The Trump administration is encouraging consumers on the Obamacare individual market to seek help from private brokers, who are permitted to sell short-term health plans that critics deride as “junk” because they don’t protect people with preexisting conditions, or cover costly services such as hospital care, in many cases.

So far, this is nothing new; I've been warning people about this since day one...it's the 2nd item on my "Seven Important Things to Remember" blog post from November 1st:

The Week 3 HealthCare.Gov Snapshot Report from CMS should be released later on this afternoon, covering enrollment in 38 states from Nov. 10th - Nov. 16th.

As a reminder, here's what the Week 2 report looked like:

There are two major things to account for when comparing the two years: First, there's a day missing due to Nov. 1st falling on a Friday instead of a Thursday this year. This likely accounts for around half of the 244,000 difference. The other significant difference is that Nevada split off from HC.gov this year, which accounted for around 12,000 of the gap the first 2 weeks.

If you assume around 130,000 of the difference is due to the missing day, that still leaves 2020 Open Enrollment around 100,000 short of the same time period last year on HealthCare.Gov.


Connect for Health Colorado® Reports Coloradans are Shopping Around for 2020 Coverage

DENVER – Nearly 24,000 Coloradans have signed up for a health insurance plan through Connect for Health Colorado’s Marketplace between Nov. 1 and Nov. 15. for coverage starting Jan. 1, 2020.

More Coloradans buying their own health insurance are seeing lower premiums, largely due to the reinsurance program that passed this year. Reinsurance helps insurers with their most costly claims. However, given the complexities of how financial help available through the Marketplace is calculated, current customers should shop around to reduce monthly costs.

Heh. This is a pretty good layman-speak for #ReverseSilverLoading.

On average, those who qualify to automatically renew their plan would lower their premiums by 15 percent (compared to 2019) if they switch to the lowest-cost plan in their current level of coverage.


OK, this is a bit confusing. Over the past few years, more and more of the state-based exchanges have shifted from waiting until the end of Open Enrollment to officially report auto-renewals of existing enrollees...to going ahead and auto-renewing everyone up front, and then subtracting those current enrollees who actively cancel their renewals.

This has caused a bit of confusion, since the exchanges don't always make it clear who's being counted and when.

Case in point: Access Health CT, Connecticut's ACA exchange. Last year they reported 12,777 enrollees during the first two weeks of Open Enrollment...and also noted that there were another 85,000 existing enrollees who hadn't yet actively renewed their policies as of 11/18.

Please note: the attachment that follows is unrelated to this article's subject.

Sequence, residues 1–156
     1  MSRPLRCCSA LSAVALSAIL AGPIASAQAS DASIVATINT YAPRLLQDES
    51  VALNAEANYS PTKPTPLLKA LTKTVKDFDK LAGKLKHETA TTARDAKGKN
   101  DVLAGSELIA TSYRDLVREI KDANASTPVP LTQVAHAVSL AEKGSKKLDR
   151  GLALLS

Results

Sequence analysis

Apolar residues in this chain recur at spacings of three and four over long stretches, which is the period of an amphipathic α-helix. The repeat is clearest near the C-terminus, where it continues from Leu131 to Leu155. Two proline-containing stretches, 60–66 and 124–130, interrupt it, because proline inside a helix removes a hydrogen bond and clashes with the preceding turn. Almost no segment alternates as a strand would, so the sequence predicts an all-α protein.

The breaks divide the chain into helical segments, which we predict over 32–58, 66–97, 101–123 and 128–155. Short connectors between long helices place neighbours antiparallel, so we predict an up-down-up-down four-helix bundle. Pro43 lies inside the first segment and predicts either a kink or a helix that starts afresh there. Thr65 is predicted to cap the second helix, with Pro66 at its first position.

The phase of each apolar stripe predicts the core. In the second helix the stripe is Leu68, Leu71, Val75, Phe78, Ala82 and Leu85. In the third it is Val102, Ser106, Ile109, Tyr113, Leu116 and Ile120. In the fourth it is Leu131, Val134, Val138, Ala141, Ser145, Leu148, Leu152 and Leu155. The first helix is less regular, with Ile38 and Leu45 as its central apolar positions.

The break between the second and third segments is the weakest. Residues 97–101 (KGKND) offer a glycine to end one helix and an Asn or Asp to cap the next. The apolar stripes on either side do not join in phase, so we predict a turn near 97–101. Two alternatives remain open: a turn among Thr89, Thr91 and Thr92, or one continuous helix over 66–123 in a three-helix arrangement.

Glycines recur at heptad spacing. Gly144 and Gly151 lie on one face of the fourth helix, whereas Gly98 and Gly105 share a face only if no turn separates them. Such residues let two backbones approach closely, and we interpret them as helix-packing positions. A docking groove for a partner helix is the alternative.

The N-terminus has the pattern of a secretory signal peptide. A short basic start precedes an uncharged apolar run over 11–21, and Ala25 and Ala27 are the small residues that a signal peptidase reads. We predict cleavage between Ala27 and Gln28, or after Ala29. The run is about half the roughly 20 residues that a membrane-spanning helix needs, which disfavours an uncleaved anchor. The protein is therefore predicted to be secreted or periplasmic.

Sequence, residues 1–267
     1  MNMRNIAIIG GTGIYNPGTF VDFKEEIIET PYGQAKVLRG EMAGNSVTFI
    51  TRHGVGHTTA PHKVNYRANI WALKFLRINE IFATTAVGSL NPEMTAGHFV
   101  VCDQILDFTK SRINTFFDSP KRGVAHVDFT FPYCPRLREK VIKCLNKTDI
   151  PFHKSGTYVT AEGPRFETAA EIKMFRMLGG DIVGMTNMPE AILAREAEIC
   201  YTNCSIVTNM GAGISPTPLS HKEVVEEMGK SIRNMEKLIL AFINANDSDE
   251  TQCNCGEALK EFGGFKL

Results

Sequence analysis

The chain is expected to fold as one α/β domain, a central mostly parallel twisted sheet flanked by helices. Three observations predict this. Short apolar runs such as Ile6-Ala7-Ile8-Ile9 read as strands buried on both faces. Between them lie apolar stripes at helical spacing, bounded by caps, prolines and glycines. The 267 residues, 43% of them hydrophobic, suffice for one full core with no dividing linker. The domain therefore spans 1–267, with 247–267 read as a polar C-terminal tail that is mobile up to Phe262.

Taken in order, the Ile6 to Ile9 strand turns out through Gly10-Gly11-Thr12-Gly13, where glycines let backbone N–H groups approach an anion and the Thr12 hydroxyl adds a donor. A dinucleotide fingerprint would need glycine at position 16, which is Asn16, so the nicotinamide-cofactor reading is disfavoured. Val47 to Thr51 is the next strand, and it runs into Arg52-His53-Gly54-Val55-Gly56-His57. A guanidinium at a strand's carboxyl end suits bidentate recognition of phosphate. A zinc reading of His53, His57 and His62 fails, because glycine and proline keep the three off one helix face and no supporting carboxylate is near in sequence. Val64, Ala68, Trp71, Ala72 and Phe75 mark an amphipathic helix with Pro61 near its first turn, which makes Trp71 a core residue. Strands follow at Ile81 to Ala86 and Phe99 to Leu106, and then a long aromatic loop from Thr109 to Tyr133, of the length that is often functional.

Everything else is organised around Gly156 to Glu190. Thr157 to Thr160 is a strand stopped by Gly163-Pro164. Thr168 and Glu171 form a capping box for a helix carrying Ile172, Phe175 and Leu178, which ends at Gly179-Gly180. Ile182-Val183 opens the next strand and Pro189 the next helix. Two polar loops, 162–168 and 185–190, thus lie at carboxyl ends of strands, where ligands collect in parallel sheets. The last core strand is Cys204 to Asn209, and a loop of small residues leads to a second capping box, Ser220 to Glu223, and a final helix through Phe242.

This year, their press release page states the following:

Qualified Health Plans (QHP):

  • Net Total QHP Enrollment: 96,810
  • 2020 OE Acquisition Summary: 3,947

Overall Volume

via KLAS-TV:

CARSON CITY, Nev. (KLAS) — Nearly 60,500 Nevadans have enrolled in a Qualified Health Plan for plan year 2020 since open enrollment began on Nov. 1.

The Silver State Health Insurance Exchange, which runs online insurance marketplace Nevada Health Link, announced these numbers just 15 days into the enrollment period.

Nevada Health Link migrated 65,563 Nevadans from HealthCare.gov onto the State Based Exchange platform at NevadaHealthLink.com.

“At exactly one-third of the way into open enrollment, we are enthusiastic about the level of engagement we’ve seen from consumers and brokers,” said Heather Korbulic, executive director of Silver State Health Insurance Exchange, in a press release. “While we still have work to do to reach the uninsured populations throughout our state, we remain optimistic that we will see enrollment numbers continue to rise throughout the duration of this enrollment period.”

The agency says this is the first year Nevada Health Link will no longer rely on HealthCare.gov after the transition began in 2018.

New York

Arrrrgh! Don't ask me why, but for some reason I forget about this weird policy of NY State of Health every year:

Press Release: NY State of Health Announces Annual Renewal Begins Saturday

  • 500,000 New York State Households Expected to Renew Their Health Plan for the 2020 Plan Year
  • Consumers Must Enroll or Renew by December 15 for Coverage Effective January 1

ALBANY, N.Y. (November 14, 2019) - NY State of Health, the state’s official health plan Marketplace, today announced that beginning November 16, the Marketplace will be open for individuals looking to renew or change their health plan for 2020. Open Enrollment for new customers seeking to enroll in a Qualified Health Plan began November 1 and runs through January 31, 2020.  New Yorkers must enroll by December 15 for coverage beginning January 1, 2020.